Marco Tosatti, more and more a guy to follow in the Italian press for analysis of churchy things, has a piece at La Stampa about Card. Pell and how things are going in the Curia.
I don’t have time to translate the whole thing for you right now, but here is a sample:
How annoying Pell is …
There are those in the Curia who are seeking to de-legitimize the straightforward Australian Cardinal, head of the Secretariat of Finance, underscoring his brusque and direct character. Also, because of his speeches and the Synod on the family. But perhaps there are other motives…
Now that the departure of Cardinal Burke from the Signatura has been formalized, taking power away from one of the most straightforward and independent voices, in the Roman Church, in the Curia they are talking about a slithery maneuver to de-legitimize the Australian Cardinal George Pell, head of the new financial and economic Secretariat. He, like Burke, is someone who does not mince his words.
They became aware of this at the Synod, when the Australian Cardinal forcefully burst out against the secretary [Card. Baldisseri], who was suggesting the hypothesis of voting by raised hands, instead of in secret, on the texts. And he continued to speak even with his microphone turned off [how Reaganesque!] before they turned it back on for him, exclaiming “There has to be transparency! Everyone ought to be able to express himself as he wants!” It was certainly an exchange of opinions that wasn’t very muffled, which reached its apex when, at the suggestion to treat the whole situation with a communiqué through the press office, Pell let fly, “We don’t trust their communication!”, or something similar. At this point, applause erupted, with many of the Synod fathers all speaking together.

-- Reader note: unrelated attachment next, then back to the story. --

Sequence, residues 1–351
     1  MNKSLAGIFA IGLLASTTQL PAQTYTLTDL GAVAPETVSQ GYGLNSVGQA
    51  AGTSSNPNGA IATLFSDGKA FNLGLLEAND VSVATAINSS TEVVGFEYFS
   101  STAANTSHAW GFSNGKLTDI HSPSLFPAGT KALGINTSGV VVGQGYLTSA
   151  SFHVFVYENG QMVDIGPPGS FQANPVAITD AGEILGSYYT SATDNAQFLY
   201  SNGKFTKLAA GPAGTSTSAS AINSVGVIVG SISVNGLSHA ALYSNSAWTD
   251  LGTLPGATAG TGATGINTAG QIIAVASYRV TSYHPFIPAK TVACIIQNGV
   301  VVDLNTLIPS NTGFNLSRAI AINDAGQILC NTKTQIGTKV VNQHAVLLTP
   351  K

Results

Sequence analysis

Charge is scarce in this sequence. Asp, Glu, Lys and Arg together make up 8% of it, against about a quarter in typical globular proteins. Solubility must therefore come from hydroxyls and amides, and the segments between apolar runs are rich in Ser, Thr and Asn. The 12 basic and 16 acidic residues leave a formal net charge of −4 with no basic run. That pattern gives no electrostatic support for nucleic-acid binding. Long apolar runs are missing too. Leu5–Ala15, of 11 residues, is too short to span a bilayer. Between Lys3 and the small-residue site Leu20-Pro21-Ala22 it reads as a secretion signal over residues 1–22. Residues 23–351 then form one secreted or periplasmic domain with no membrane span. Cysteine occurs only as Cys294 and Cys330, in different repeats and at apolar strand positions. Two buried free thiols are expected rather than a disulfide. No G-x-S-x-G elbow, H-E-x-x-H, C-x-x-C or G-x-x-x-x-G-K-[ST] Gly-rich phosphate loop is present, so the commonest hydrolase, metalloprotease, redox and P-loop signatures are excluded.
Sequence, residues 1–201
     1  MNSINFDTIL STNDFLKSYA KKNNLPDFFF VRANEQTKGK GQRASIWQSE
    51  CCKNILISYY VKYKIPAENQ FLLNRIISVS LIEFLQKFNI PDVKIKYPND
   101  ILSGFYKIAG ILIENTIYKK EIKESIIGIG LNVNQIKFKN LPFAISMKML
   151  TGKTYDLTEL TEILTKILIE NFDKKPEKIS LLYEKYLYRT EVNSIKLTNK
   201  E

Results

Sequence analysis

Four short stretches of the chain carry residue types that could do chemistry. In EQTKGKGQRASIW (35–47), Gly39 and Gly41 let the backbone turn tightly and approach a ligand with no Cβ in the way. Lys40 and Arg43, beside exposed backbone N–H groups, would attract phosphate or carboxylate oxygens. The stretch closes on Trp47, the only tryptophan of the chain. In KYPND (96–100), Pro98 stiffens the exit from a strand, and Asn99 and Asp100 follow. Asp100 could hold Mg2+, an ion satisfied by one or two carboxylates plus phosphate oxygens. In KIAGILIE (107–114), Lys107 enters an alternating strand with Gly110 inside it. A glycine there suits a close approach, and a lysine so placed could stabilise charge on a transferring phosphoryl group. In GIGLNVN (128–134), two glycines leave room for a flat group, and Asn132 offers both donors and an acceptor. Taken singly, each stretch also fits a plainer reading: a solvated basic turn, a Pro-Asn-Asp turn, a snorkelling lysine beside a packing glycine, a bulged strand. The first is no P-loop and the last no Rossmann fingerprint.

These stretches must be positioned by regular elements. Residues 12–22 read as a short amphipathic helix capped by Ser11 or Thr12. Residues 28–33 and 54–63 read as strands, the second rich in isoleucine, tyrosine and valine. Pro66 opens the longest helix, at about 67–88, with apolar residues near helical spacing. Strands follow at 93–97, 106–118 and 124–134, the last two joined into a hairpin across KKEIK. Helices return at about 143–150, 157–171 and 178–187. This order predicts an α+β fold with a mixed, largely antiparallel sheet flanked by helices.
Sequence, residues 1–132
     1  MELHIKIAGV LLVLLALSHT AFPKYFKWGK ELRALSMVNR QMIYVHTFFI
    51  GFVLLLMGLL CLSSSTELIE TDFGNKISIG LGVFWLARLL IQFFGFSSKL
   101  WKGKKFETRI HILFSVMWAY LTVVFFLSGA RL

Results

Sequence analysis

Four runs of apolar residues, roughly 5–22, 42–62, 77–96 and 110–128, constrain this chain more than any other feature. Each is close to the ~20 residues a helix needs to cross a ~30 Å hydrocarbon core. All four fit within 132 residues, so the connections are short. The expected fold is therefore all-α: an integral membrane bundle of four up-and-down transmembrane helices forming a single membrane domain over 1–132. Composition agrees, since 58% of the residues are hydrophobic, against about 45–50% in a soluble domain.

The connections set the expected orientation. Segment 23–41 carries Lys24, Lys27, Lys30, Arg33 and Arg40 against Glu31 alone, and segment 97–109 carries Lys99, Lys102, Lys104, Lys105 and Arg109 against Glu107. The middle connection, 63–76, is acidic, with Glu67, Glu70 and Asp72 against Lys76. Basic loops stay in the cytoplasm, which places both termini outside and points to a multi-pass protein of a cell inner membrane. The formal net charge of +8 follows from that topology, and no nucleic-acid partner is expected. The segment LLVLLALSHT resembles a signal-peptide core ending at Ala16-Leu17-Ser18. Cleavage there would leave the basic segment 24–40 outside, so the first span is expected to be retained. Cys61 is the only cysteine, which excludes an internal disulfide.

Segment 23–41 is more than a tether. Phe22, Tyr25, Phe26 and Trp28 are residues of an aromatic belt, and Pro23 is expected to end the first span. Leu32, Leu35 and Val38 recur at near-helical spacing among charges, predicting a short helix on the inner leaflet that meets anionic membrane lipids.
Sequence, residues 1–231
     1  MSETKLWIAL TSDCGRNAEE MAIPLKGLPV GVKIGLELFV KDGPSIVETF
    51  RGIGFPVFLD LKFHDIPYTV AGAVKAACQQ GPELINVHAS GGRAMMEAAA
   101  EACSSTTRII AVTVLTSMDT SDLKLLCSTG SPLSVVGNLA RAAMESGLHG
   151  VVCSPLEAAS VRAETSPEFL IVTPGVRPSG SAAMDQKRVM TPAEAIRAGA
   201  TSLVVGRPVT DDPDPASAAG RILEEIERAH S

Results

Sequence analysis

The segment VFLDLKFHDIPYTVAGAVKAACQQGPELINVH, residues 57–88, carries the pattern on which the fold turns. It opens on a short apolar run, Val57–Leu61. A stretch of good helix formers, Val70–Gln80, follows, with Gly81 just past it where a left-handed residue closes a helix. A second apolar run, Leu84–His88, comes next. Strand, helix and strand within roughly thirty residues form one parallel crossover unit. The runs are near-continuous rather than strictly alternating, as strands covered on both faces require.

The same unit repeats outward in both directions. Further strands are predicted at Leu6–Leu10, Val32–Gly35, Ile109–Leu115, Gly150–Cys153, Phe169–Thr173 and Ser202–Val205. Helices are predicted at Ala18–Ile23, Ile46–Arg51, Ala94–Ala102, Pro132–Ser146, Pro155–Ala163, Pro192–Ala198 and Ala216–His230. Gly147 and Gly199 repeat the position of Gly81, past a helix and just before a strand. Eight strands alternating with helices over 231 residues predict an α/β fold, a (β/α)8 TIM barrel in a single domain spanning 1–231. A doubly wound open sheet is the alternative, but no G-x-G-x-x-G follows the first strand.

I must dash. Perhaps one of you can finish it, or I can get to it later.
In any event, it doesn’t sound as if this day of the Synod, at least, was replete with boring consensus, except insofar as the Synod Fathers were in angry consensus about how they were being manipulated. My spies from the Synod tell me that it was pretty tense and that there was more than a few voices raised.
So, the knives that were out for Burke are now being sharpened for Card. Pell. Bet on it.
Card. Pell has a tough job. He has to reign in curial financial incompetence and corruption. Not easy. Not one bit.